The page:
Teenagers need someone who gets them. A therapist needs to be there for the teen in therapy, just like a friend would be – somebody they can trust and not feel judged by when it comes time that their guard is down and secrets are told. Adolescents are open to new ideas and viewpoints when they feel most vulnerable. New City is a small town but it doesn’t mean that everything is easy.
We believe that it is important to be open-minded and understanding with teens. We know they may not feel like there’s a problem, but rushing them will only make the situation worse. With years of experience, Courageous Kids Counseling knows what steps and practices to take and what not to take.
Therapy is a way for teenagers to explore their feelings and concerns in order to learn more about themselves. It can be difficult at first, but when you are open with your therapist, they will help guide the process as it unfolds over time so that learning becomes easier on both sides of an interview or conversation together.
When I introduced myself and asked what brought him in, Peter sat there with a sour look on his face. It was clear that this wasn’t something he wanted to do but had no choice.
After getting more information about his school suspension, I asked his mom to give us some time alone. I told him that a lot of teens feel annoyed coming in and out for appointments with me, but we’re both here because this is important so it doesn’t have anything personal against them either way.
I then said that he didn’t have to talk about himself, but if he minded sharing just a bit of information with me it would be preferable. That got him smile slightly as well – so I took this as my cue and started talking.
SI began by asking general questions about his school life and friends. As the conversation continued, he gradually relaxed enough for me to broach the subject of him being suspended from school. It seemed that it is because of his sensitivity and dislike for being humiliated, which led to an argument.
I let him do most of the talking, but tried to ask general questions about how others see his feelings. He spoke very openly and said that he felt insecure with what other people thought when they looked in on their lives together at school or work – especially if those views were negative; so, it’s something we’ll have to explore later!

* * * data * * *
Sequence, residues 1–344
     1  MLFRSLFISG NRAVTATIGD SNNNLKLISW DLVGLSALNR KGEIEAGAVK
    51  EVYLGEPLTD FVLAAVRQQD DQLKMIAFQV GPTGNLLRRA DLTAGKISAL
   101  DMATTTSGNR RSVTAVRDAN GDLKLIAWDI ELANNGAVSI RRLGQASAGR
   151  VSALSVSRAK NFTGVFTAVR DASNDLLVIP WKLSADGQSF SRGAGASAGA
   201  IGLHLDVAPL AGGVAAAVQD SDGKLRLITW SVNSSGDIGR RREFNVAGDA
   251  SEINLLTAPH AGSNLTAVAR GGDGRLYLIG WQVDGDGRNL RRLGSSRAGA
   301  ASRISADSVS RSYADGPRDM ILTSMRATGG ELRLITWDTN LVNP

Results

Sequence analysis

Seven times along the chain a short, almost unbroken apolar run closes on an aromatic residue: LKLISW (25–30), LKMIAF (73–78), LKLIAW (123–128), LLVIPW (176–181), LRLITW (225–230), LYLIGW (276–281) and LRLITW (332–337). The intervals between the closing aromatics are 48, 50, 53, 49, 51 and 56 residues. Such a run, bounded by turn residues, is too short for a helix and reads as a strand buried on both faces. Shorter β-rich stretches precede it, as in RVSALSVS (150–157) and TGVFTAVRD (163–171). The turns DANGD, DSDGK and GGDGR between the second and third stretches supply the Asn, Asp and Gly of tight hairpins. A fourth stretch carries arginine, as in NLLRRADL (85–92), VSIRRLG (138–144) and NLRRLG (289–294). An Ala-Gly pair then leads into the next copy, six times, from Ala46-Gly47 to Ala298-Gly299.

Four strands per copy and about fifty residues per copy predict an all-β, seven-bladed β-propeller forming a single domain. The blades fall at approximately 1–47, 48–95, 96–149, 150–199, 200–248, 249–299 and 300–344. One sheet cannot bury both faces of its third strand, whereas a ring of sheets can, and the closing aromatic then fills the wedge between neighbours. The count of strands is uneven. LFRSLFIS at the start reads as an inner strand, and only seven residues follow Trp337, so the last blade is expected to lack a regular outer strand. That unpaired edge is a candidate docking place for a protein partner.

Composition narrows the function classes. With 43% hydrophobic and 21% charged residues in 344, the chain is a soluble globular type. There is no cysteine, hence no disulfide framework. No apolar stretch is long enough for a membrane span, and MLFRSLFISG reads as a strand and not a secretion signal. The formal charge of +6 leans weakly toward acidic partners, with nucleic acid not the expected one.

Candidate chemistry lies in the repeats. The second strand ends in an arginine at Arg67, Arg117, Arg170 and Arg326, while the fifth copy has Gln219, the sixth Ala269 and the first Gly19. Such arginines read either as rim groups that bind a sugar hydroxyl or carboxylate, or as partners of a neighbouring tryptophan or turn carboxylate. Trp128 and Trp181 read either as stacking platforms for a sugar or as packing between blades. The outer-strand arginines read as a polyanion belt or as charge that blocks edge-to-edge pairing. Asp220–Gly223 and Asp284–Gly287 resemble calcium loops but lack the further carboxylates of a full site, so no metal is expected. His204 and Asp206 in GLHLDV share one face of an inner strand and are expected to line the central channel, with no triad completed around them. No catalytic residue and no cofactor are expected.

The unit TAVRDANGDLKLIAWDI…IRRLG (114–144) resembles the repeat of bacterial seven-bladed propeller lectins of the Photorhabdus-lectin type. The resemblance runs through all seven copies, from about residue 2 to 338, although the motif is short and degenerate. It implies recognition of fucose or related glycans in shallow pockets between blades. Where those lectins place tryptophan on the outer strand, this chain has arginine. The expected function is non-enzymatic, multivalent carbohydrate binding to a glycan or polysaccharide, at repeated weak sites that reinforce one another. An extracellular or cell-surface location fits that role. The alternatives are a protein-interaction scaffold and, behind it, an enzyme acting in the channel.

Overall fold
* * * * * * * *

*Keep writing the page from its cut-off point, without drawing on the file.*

We worked on analyzing situations about which he felt comfortable and confident, as well ones that made him feel vulnerable. We kept a list of some themes from our conversations. As time went by, he agreed that this was something worth changing.
It was a tricky task, but we were able to show him how he could better manage his anger. He worked on identifying practice situations for future use and even came out with some new insights about himself.
When he was ready to change, we sat down with his mother and shared that this is what needed to happen. Although it seemed like a weight lifted off of him when instead the other person’s perspective became more impartial rather than demonizing or villainizing him in some way.
It’s not always easy to celebrate your teenager’s wins. They may have a difficult time celebrating themselves and can feel like they are on their own individual journey. Maybe they don’t see themselves as successful in their future endeavors or that there will never be another time like this one where everything worked out so beautifully for them – but please do not forget about your teen! It’s important you take time celebrate together.
*Name changed to preserve client confidentiality..